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Baker's Dozen

Elias Rønnenfelt Of Iceage & Marching Church's Favourite LPs
Daniel Dylan Wray , February 1st, 2017 12:11

Ahead of Marching Church's appearance at Roskilde Festival later this year, Elias Rønnenfelt guides Daniel Dylan Wray through his favourite 13 albums


David Bowie – Young Americans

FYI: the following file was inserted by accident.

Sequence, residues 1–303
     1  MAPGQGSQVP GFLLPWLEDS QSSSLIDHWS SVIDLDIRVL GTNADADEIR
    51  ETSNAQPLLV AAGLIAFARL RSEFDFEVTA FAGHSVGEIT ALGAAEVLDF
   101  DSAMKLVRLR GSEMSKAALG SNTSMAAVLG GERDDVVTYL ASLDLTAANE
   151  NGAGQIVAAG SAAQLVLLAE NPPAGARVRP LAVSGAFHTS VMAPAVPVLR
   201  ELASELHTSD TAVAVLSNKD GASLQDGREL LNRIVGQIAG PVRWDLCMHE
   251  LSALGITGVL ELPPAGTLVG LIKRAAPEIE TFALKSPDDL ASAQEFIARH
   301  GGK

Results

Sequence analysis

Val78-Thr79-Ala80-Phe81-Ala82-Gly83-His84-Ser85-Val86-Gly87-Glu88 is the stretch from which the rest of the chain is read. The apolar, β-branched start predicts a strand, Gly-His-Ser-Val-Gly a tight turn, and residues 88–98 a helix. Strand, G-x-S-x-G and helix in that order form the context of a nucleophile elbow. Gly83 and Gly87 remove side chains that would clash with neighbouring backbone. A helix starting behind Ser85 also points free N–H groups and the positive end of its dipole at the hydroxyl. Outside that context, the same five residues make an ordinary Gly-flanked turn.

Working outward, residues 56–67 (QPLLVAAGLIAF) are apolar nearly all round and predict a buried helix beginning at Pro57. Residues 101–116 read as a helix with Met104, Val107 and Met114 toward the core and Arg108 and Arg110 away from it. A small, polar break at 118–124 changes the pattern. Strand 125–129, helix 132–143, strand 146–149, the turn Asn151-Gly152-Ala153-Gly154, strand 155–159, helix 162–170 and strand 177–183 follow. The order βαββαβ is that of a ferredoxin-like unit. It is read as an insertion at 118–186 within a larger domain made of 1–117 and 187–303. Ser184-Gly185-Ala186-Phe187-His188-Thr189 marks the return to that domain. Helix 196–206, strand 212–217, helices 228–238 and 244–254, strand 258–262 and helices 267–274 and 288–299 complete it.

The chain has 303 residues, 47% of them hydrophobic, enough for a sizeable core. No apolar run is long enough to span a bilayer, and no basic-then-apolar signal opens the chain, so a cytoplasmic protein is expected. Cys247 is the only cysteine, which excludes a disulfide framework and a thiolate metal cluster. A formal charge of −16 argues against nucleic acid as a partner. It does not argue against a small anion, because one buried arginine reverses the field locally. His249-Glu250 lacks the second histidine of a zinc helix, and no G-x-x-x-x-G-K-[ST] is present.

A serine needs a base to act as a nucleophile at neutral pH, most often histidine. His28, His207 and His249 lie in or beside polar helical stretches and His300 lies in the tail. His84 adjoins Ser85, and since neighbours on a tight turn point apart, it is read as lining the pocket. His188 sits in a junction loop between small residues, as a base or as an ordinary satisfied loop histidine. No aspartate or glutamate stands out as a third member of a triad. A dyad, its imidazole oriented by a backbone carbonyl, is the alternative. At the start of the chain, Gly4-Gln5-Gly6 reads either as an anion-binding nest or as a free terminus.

This represents Iggy and Lou Reed as well, as those three are - as for many, many others - a pyramid of people that was everything for a second and then still is in many ways. Bowie was one of the very first things that I started listening to on my own, probably when I was 10 or 11 and I had acquired Hunky Dory. I would lie in bed every night and listen to it and couldn't fall asleep because I knew that 'Andy Warhol' would eventually come up. The intro has very scary sounds on it - when you're only 10-years-old you're very susceptible to those because everything is completely new and you don't know the limits of what music might be. Each night I would enjoy the music but be in perpetual fright because I knew this intro would come and leave me immobile in my bed. Then going on I worked my way through his discography and each record would be an introduction to a new palate of musical elements. Some of these I found great and some I found unlikeable and then later on I found those unlikeable elements to be great and some of the things I once thought great to be unlikeable, which is a sign of a great artist. It was a couple of years later that I got to Young Americans. I barely cry, but I remember putting on the title track and there's that breakdown where he goes, 'Ain't there one damn song that can make me break down and cry?' and that second it just triggered something.